06 January 2017 | 355 (6320): Science reports groundbreaking research led by COSHP's G. Valentin Börner.
Titled "Control of Meiotic Pairing and Recombination by Chromosomally Tethered 26S Proteasome,” the study is devoted to the mechanism of chromosome juxtaposition and segregation in meiosis. The report shows that the proteasome, the main cellular protease in all eukaryotes, controls three key processes during meiosis via its proteolytic activity: 1) juxtaposition of homologous chromosomes; 2) crossing-over; and 3) synaptonemal complex assembly. It is the first observation showing that the proteasome is specifically recruited to chromosomes as part of a cellular differentiation program. As such, Dr. Börner’s findings provide an integrated model how targeted protein degradation controls large-scale chromosome juxtaposition, with important effects on meiotic crossing over and ultimately chromosome segregation.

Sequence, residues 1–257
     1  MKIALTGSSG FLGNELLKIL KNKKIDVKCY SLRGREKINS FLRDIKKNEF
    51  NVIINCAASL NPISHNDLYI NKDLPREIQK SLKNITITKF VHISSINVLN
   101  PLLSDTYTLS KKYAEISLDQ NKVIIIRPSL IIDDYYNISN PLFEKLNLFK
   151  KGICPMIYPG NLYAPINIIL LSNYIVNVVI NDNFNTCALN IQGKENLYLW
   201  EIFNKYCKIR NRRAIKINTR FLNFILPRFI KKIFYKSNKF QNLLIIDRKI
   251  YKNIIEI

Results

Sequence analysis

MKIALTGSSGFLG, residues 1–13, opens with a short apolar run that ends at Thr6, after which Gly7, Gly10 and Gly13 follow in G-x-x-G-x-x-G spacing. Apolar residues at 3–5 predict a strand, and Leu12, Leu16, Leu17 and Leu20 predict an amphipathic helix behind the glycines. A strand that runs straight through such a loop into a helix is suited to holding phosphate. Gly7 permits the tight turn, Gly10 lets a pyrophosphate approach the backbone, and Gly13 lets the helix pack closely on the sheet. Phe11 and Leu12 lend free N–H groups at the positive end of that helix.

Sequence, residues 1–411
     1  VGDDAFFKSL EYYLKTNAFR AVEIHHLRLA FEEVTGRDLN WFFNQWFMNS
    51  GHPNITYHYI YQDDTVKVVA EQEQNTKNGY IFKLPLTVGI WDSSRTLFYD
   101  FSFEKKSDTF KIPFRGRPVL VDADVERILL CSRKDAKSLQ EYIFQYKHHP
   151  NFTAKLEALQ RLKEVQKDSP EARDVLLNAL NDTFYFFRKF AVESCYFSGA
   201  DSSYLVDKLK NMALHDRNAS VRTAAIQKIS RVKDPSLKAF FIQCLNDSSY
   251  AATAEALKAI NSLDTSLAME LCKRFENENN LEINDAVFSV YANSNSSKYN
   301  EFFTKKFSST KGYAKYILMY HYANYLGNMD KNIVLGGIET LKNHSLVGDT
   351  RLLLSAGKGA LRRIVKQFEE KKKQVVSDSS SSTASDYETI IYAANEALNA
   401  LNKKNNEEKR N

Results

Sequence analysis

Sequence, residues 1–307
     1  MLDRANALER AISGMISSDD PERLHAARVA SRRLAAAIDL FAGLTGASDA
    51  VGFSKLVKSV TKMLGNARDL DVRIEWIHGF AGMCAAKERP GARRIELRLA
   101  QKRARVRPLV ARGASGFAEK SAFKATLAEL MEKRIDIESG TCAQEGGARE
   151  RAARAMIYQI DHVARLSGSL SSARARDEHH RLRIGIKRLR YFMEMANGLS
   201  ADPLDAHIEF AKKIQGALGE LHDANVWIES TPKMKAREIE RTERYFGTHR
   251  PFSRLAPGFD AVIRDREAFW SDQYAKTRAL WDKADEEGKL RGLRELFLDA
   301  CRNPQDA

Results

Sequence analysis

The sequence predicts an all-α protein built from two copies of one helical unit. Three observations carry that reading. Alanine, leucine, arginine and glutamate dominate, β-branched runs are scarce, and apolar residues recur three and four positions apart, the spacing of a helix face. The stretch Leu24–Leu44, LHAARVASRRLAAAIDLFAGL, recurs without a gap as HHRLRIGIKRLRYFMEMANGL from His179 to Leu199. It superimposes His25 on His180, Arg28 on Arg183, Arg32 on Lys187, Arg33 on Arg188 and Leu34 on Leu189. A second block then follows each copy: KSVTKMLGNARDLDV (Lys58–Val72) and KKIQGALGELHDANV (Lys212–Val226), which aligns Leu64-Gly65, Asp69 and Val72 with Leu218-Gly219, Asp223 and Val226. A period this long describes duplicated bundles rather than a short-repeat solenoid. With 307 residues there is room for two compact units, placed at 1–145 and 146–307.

Dr. Börner discussed the implications of the study with CSU's Media Room. He is affiliated with the Center for Gene Regulation in Health and Disease and the Department of Biology, Geology and Environmental Science at Cleveland State University; the Case Comprehensive Cancer Center at Case Western Reserve University; and the Department of Cancer Biology at the Cleveland Clinic Lerner Research Institute. The team also includes scientists from the University of Pittsburgh School of Medicine and Washington State University.
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